Cook Computing


February 17, 2003 Written by Charles Cook

Oren Novotny posted an interesting question to the XMLRPCNET Yahoo group today:

Is there any way to create a tool similar to WSDL.exe that will query an XML-RPC service and then generate the required interfaces and structs? Does the XML-RPC spec have any way of returning that information?

While it's very nice that only an interface definition is currently required as opposed to creating the classes, it is the structs that a real pain. Many times a method will use a struct that has 15-20 members, with some of those being other structs with a similarly large number of members. It would be really, really nice if those could be auto-generated.

I replied:

I agree it would be very useful to have a wsdl.exe-like tool for XML-RPC. This would only be possible if XML-RPC servers returned a standard high-fidelity description of their services.

The only existing "standard" is the Introspection API, which is worthless from this point of view. I was involved in discussion with some members of the XML-RPC Yahoo group a long time ago about defining something more useful but that fizzled out. Another effort was Dave Winer's ALIDL which had about as much potential value as the Introspection API.

However I see no reason why an XML-RPC binding could not be defined for WSDL. The use of the XSD would allow accurate description of the types in XML-RPC requests and responses. The main problem with WSDL from an XML-RPC perspective is that it might seem over-complicated by XML-RPC standards.

But assuming you can extract the type information from your server code, which would be the case with something like XML-RPC.NET which is written in a statically typed language, the WSDL could be generated automatically by the server and then consumed automatically on the client side by the wsdl.exe-like tool, so there would be no need for manual handling of WSDL.

It could be an interesting project Broadly the work would involve tasks such as:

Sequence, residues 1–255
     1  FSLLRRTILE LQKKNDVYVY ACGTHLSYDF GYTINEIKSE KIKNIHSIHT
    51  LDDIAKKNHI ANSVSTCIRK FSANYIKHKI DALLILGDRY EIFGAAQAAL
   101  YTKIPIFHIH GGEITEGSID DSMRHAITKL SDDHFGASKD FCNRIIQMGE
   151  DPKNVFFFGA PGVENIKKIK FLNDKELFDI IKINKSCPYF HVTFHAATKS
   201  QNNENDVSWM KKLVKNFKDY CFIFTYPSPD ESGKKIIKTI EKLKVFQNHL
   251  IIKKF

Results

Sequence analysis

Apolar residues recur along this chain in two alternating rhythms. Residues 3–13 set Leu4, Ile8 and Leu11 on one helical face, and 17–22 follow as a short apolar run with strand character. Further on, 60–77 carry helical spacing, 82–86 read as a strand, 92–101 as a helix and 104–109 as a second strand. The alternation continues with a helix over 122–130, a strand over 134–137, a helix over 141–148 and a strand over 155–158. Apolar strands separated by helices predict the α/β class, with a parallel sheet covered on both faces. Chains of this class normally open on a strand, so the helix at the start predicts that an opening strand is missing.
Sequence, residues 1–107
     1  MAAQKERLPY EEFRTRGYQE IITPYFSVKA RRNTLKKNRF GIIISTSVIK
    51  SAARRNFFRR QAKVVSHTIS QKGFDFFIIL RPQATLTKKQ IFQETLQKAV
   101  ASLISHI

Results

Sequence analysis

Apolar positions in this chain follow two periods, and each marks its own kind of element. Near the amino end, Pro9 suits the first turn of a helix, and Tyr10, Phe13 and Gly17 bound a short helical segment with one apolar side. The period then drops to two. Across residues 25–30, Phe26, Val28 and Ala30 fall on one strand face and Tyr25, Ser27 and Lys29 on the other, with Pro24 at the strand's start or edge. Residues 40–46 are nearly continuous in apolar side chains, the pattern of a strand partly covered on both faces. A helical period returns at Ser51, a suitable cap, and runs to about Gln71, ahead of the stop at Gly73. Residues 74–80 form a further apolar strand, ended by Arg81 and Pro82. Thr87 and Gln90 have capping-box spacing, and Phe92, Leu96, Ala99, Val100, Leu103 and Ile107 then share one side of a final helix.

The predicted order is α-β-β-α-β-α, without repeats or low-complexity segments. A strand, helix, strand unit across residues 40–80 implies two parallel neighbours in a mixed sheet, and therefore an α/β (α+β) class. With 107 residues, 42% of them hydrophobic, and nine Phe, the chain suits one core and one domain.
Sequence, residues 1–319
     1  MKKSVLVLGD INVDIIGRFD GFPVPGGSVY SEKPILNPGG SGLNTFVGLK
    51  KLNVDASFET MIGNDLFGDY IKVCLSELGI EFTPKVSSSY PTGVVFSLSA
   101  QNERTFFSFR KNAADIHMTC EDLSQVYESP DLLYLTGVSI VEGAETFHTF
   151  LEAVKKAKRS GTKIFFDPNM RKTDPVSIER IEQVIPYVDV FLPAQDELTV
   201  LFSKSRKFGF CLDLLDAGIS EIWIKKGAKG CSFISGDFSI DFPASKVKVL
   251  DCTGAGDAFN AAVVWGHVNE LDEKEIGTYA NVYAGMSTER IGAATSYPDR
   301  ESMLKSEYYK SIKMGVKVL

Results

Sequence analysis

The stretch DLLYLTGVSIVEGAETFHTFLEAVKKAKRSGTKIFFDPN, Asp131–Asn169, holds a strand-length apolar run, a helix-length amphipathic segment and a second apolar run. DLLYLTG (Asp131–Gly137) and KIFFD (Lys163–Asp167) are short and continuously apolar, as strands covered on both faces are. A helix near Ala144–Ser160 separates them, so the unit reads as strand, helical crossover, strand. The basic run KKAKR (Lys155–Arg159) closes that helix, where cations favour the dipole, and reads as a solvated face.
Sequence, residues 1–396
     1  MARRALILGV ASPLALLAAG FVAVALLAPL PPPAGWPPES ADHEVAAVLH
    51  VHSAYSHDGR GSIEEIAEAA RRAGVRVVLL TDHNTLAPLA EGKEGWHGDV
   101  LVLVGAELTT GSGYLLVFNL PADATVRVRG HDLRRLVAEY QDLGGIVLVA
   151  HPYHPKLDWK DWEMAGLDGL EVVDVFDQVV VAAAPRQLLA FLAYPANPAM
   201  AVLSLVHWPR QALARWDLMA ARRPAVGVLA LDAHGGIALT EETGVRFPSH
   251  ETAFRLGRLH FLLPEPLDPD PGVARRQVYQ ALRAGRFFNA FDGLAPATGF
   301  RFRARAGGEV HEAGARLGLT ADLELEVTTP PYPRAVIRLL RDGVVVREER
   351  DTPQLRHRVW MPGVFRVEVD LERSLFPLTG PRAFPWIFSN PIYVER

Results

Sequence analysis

• defining the XML-RPC WSDL binding
  • implementing the code to generate WSDL on the server using reflection
  • implementing code to dynamically build an interface which could then be fed into the XmlRpcProxyGen.CreateAssembly method (which outputs an assembly to disk)
  • extending other implementations of XML-RPC in the same way (or persuading their implementors to do the same)

As I hinted earlier the use of something like WSDL does go slightly against the spirit of XML-RPC. However as Oren suggested, once your requests and responses contain complicated types, the dynamic free-form nature of the protocol becomes a hindrance. Although the public XML-RPC APIs tend to be fairly simple, I've seen some of the types that companies are passing around in their internal XML-RPC-based applications and they can be very complicated. I can't see why the two approaches couldn't co-exist: use of WSDL or something similar for complex requirements would not in any way affect the more dynamic uses of XML-RPC.

I think the last point is important. If XML-RPC is a viable alternative to SOAP then people will want to use it in complicated ways and when you start doing that you need some way of specifying and verifying what a server implements. The very informal API specs that XML-RPC seems to attract are often wrong, or misunderstood so that the server implement something different. Businesses are using XML-RPC for serious purposes and this potential for confusion wastes time and money.